The United States called on its allies yesterday to support President Carter's newly hardened line against Iran in order to head off a more dangerous situation if the hostage crisis remains unresolved.

Senior White House and State Department officials declined to give a list of the measures the United States is asking the European allies and Japan to take. They said that Washington is seeking "collective action" to impress Iran with the seriousness of the long-running hostage crisis, but that the allies are not expected to match each of the steps announced by Carter Monday.

The U.S. requests are to be amplified here today by Secretary of State Cyrus R. Vance, who has invited the ambassadors of some two dozen friendly countries to the State Department to solicit their cooperation.

In advance of this, U.S. diplomats have asked a number of friendly European contries and Japan to support Washington's effort by removing their ambassadors from Tehran or otherwise lowering their level of diplomatic contact, and by cutting back on their trade and economic ties with Iran, according to official sources here.

"We will be awaiting with interest their response in this matter," said White House press secretary Jody Powell in discussing the requests to the allies through diplomatic channels. "To the extent that they support us in these efforts, the crisis is more likely to be resolved without the necessity for additonal actions which could involve risks for all concerned."

State Department spokesman Hodding Carter said the Iranian situation would become "more dangerous" if it drags on.

Neither spokesman, would spell out the risks and dangers, which are believed to include U.S. military action that could jeopardize the continued flow of Iranian oil to our allies and other petroleum-importing nations.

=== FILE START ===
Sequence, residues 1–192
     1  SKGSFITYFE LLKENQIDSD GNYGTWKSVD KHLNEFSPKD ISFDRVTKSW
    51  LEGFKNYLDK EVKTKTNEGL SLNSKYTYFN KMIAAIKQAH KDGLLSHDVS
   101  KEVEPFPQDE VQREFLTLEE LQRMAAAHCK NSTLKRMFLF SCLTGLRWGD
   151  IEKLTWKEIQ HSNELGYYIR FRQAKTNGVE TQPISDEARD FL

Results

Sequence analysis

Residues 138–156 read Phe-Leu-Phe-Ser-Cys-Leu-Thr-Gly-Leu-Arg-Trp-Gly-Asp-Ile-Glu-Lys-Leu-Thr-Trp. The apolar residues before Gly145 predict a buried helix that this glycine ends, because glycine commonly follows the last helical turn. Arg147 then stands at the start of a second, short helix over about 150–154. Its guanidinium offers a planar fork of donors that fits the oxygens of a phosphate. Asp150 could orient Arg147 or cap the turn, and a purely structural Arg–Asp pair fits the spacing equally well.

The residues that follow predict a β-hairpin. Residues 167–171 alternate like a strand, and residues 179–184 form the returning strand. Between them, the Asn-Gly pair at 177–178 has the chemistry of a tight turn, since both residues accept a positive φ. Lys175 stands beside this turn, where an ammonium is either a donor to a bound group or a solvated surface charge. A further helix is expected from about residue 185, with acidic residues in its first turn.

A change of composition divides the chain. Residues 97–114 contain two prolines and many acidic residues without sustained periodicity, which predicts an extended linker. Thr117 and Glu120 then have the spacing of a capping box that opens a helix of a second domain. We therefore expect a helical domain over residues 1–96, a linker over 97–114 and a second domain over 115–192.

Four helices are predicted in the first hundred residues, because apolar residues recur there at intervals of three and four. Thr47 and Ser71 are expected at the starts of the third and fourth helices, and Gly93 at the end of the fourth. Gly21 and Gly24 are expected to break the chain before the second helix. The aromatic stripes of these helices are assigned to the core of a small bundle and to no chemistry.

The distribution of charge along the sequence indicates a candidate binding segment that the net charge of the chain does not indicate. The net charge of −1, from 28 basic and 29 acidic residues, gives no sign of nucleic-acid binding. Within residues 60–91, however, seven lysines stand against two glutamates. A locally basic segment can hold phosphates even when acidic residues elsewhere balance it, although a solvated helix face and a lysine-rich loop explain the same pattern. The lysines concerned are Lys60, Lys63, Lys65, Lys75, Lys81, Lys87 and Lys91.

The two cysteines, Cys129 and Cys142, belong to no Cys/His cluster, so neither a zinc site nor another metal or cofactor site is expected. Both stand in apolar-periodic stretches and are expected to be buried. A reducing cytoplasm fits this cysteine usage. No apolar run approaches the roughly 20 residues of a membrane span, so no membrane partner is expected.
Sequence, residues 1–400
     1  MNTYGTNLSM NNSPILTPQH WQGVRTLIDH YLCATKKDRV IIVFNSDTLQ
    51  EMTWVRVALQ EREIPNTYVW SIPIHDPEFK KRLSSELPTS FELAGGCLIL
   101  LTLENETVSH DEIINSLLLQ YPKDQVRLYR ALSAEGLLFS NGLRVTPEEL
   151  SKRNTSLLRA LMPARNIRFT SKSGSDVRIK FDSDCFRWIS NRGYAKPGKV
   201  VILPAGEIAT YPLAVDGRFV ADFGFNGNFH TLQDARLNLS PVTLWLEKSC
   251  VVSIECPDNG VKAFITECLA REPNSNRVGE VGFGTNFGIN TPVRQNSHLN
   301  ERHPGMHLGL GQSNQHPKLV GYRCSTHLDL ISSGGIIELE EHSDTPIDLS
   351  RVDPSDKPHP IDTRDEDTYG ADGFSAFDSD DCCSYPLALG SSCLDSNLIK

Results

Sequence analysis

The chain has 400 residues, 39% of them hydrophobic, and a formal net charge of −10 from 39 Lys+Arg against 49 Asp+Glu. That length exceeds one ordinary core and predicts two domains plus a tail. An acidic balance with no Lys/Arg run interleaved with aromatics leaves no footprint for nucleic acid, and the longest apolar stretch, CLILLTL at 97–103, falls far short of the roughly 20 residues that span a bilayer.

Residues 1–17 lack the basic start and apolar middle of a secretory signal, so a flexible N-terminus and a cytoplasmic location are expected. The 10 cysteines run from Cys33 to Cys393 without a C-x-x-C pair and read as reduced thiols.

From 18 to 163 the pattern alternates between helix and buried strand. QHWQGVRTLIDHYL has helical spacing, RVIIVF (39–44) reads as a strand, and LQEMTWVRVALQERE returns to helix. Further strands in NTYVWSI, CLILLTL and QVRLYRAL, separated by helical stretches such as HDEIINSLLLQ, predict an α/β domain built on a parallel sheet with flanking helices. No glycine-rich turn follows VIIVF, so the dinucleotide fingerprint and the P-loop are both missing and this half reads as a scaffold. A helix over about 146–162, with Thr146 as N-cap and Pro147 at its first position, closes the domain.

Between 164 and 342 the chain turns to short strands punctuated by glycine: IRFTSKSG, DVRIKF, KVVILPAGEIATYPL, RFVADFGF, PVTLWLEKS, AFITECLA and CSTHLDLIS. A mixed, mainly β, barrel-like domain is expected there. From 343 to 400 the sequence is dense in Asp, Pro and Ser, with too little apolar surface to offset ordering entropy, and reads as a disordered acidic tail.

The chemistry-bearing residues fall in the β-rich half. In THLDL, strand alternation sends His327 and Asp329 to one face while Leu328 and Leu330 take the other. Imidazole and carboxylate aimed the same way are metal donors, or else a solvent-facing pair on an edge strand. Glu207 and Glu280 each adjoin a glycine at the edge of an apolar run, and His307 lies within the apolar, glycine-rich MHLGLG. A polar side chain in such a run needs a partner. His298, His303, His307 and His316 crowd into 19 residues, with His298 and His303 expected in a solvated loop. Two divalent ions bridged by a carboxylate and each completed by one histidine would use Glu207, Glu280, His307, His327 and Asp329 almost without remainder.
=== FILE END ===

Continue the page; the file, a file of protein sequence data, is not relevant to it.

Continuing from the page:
Officials said it is to early to tell how fully and how openly the allies will react to the new American requests. State Department officials have credited the allies with quiet but important cooperation with U.S. economic strictures against Iran in recent months.

According to State Department spokesman Carter, Washington made no effort to line up joint announcements or joint action involving the allies in advance of the presidential announcements Monday. But he stressed that the effectiveness of the new U.S. measures will be heightened if the allies cooperate to heighten the sense and reality of Iranian isolation from the rest of the world as long as the American diplomats are held hostage.

U.S. officials said they were not surprised by the bitterly hostile tone of the first Iranian responses to the presidential announcements. In their view, the authorities in Tehran are seeking to intensify a spirit of national unity in the face of growing external pressures.

Washington sources noted that, despite the harsh rhetoric, there was no immediate sign of actions regarding the hostages that would aggravate the heightened tension with the United States.

In addition to the hostagtes crisis, a newly intensified conflict with its neighbor and traditional enemy, Iraq, confronts Iran. The current political and military clashes between the two Perisan Gulf states were seen here as the most serious of recent months, but sources said there is no clear indication whether Iran-Iraq relations will continue to spiral downward toward large-scale confrontations.

In view of the unsettled Iranian domestic climate, administration officials were reluctant even to guess what effect Iran-Iraq confrontations might have on the problem of the U.S. hostages.

There was no sign of a change in the deployment or alert status off U.S. naval forces on station near the Persian Gulf, despite the Iran-Iraq tension and the shift in White House policy toward greater pressure on Iran in the hostage crisis.

Sen. George McGovern (D.S.D.) in a statement released in his home town, said the Carter administration should begin planning now for the possibility that military action will be necessary to break the hostage stalemate. McGovern said the plans should include "imposition of a blockade and even selective American air strikes against Iranian installations, if these become necessary to resolve this unprecedented and outrageous political kidnaping."

The most urgent and immediate business for many foreign policy officials here yesterday was the departure arrangements for Iranian diplomatic personnel who were given until last midnight to leave the United States. As the Iranians scrambled to pack up and depart, several expressed dismay and anger. The acting Iranian consul in Houston, Hassan Taherian, said in a statement that he and his associates "express our profound happiness for leaving the United States and returning to our beloved coountry."